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The Colors of Qatar

  by Sam Stone

As Qatar quietly becomes a tourist destination with major civic and cultural renewals,
SAM STONE finds a city at a crossroads awash with color.




No one has ever looked happier than my wife on our third day in Qatar.

When I remember that day, sometimes I see red. That’s the color of my wife Moira’s angry face when I told her that we had to travel to Qatar for a lengthy assignment for the architectural firm I consult with. She’s a person with roots; doesn’t mind me traveling but definitely being one for two months required her to pack with me. And while I was very excited about the trip, Moira was decidedly less enthusiastic about this consulting gig in the middle of Arabia. Red is also the color of her embarrassed face when our new neighbors brought over an enormous platter heaped with rice and a whole lamb and made us tea and coffee in our temporary home.

There was one moment when this young couple—husband and wife no more than 25 years old—and both speaking nearly perfect English, integrated so well with us that we knew that Qatar would turn out to be a perfect match for our stay in a foreign land. I can’t even really describe it. Moira’s passion towards family, friends and horses puts her right at home in this traditional Middle Eastern environment. When somebody makes you feel this way, well, you remember. You always remember.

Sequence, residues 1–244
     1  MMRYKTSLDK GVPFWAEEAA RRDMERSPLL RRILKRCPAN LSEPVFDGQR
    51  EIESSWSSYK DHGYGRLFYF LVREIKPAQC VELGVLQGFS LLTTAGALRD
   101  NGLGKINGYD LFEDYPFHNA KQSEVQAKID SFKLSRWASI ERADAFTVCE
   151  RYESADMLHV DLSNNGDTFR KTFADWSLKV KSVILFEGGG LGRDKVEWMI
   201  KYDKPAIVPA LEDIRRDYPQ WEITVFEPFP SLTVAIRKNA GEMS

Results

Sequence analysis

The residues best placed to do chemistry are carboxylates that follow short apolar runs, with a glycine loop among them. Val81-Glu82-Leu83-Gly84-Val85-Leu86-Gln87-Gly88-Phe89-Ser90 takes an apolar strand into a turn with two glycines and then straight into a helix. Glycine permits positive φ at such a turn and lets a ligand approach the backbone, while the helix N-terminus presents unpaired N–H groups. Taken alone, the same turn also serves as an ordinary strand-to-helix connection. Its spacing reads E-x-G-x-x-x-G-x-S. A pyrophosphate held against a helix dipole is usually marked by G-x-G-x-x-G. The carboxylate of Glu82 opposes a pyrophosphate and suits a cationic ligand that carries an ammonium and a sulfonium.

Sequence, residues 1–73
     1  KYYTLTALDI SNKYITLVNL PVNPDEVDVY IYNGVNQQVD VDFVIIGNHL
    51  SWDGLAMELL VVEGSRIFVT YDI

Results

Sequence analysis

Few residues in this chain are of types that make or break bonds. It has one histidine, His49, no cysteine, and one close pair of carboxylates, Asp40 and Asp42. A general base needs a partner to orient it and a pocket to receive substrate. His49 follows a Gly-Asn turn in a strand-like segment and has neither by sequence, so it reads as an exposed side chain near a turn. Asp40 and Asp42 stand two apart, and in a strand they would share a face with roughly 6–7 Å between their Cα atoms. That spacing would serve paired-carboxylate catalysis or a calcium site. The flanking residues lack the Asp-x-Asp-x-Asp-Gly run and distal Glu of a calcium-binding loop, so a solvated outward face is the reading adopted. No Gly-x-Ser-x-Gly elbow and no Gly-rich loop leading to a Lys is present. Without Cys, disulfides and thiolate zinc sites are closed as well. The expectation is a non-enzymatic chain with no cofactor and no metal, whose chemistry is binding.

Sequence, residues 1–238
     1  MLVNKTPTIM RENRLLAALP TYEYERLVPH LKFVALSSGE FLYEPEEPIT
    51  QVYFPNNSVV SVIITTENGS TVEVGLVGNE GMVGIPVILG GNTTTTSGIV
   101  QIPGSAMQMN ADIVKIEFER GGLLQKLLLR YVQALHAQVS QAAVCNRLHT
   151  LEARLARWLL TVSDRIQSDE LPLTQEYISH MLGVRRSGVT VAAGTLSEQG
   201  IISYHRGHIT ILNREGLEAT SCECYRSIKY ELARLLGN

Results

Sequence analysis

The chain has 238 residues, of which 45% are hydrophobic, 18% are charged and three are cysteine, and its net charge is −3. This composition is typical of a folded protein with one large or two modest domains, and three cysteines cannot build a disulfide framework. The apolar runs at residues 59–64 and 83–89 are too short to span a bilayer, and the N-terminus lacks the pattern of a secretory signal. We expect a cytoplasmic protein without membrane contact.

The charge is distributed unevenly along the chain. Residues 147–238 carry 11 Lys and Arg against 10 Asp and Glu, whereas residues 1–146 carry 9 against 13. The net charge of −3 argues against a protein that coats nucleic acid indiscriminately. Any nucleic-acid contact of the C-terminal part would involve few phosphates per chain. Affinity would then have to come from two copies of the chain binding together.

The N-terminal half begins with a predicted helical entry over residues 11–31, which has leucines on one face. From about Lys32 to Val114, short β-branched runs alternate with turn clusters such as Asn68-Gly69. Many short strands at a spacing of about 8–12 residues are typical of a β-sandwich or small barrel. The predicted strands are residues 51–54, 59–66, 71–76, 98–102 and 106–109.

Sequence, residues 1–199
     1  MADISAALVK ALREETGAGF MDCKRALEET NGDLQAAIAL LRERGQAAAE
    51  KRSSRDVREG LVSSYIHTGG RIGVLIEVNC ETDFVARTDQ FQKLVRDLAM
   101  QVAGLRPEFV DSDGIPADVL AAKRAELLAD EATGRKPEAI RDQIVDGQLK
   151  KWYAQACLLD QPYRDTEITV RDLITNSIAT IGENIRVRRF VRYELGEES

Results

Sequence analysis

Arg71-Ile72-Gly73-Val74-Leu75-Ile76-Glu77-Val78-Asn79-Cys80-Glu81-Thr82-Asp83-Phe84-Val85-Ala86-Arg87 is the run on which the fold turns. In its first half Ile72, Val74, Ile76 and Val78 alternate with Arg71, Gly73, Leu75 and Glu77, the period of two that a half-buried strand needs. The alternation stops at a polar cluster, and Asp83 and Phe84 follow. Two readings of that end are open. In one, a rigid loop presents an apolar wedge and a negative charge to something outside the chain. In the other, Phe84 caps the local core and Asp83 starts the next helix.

Qatari WeddingsSometimes I see brown. That’s the main color of the majestic falcon as it flies above 1,000 feet or more. From the outside, falconry seems boring. But when you allow yourself into the fascinating reflection of this Qatari heritage, you discover that the sport is transferred from generation to generation reflecting how men from this region have lived on this land and dealt with its environment in a give-and-take manner. It is said to encourage the values of chivalry, courage, patience and diligence. The falcon, too, seems bored by it all, endlessly circling for little challenges during his flight to maintain his interest. Above head, that little brown dot lingers.

Suddenly, after you flush the game from its nest, the falcon spots it. The eyes of the falcon and its prey seem to lock, and he begins his headfirst swoop (or stoop as it is called in falconry). Your adrenaline rushes, and the falcon looks like it might slam into the ground. But then as he gains steam and changes directions shortly, you think he might actually get to that thing. In a flash the falcon hits the game on the fly, binds it and then carries it to the ground. He then returns to the falconer’s glove; a bite-size reward is given. The falcon returns to the air, and the brown dot hangs up there forever.

 

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